This article explores the changing regulation and conceptualisation of time during periods of quarantine for the plague in early modern Venice. Enforced immobility during epidemics removed individuals from many of the time communities and activities which structured their days, weeks and years. This article responds to the historiographical call to explore time as and through specific seasons and suggests that epidemics should be viewed as one such unit. Using examples drawn predominantly from the Republic of Venice, the article considers the ways in which perceptions of chronological and cyclical time, as well as day and night, were reshaped in the context of plague and quarantine.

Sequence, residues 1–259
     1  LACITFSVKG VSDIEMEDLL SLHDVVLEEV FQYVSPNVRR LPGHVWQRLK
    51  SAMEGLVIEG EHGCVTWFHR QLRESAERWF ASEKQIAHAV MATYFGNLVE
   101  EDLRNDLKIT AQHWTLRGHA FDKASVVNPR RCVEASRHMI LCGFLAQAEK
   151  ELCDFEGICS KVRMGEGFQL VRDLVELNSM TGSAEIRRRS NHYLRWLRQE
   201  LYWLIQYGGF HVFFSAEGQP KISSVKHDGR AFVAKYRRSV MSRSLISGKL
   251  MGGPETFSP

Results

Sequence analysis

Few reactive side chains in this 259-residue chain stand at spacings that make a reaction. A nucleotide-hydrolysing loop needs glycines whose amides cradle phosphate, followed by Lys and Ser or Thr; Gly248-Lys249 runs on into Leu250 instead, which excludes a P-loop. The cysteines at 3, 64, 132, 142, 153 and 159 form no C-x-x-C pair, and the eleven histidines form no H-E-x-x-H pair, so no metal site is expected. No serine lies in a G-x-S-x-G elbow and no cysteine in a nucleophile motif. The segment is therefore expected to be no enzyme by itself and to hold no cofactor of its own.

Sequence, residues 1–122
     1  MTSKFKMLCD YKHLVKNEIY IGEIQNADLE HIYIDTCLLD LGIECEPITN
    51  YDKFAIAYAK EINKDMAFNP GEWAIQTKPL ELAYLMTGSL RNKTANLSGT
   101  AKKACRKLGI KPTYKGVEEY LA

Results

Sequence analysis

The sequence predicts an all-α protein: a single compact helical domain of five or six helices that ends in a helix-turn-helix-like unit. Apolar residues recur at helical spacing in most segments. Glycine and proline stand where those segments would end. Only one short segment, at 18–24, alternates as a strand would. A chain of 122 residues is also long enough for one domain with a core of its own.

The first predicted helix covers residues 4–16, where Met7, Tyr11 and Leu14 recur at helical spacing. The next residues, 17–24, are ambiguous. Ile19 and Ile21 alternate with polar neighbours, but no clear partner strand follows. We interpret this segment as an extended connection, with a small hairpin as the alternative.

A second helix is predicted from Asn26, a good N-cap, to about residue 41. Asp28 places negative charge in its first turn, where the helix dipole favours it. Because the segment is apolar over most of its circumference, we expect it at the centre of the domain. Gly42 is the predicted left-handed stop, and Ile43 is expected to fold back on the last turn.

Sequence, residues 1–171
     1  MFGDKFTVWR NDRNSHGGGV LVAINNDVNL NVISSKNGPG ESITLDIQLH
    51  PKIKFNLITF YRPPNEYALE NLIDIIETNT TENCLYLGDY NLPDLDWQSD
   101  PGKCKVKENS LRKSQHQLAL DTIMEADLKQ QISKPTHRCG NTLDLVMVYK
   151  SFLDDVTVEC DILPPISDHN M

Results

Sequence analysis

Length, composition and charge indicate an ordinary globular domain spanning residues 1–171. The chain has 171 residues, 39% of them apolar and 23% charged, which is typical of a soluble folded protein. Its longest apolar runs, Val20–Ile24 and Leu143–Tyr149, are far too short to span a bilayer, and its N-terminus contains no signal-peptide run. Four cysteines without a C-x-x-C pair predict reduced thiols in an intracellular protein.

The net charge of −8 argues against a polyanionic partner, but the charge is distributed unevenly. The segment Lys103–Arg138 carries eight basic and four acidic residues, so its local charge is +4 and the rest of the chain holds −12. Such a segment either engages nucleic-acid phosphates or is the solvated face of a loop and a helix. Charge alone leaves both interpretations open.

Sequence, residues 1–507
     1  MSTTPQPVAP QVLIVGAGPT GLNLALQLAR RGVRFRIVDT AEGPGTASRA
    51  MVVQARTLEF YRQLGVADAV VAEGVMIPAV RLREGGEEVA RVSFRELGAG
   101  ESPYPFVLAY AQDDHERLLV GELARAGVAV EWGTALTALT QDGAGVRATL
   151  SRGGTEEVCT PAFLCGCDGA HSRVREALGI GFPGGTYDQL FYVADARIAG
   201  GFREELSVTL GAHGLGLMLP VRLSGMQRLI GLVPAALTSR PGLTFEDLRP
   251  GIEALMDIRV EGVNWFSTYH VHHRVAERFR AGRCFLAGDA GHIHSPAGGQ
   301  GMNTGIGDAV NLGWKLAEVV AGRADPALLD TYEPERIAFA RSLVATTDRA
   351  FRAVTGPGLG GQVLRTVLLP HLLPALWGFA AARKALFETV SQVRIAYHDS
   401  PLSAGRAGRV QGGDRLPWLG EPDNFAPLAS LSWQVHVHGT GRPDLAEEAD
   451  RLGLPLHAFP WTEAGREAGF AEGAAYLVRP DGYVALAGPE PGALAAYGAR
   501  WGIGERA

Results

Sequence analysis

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Faculty of Humanities and Social Sciences
Year of publication: 2021Date of RADAR deposit: 2021-07-14
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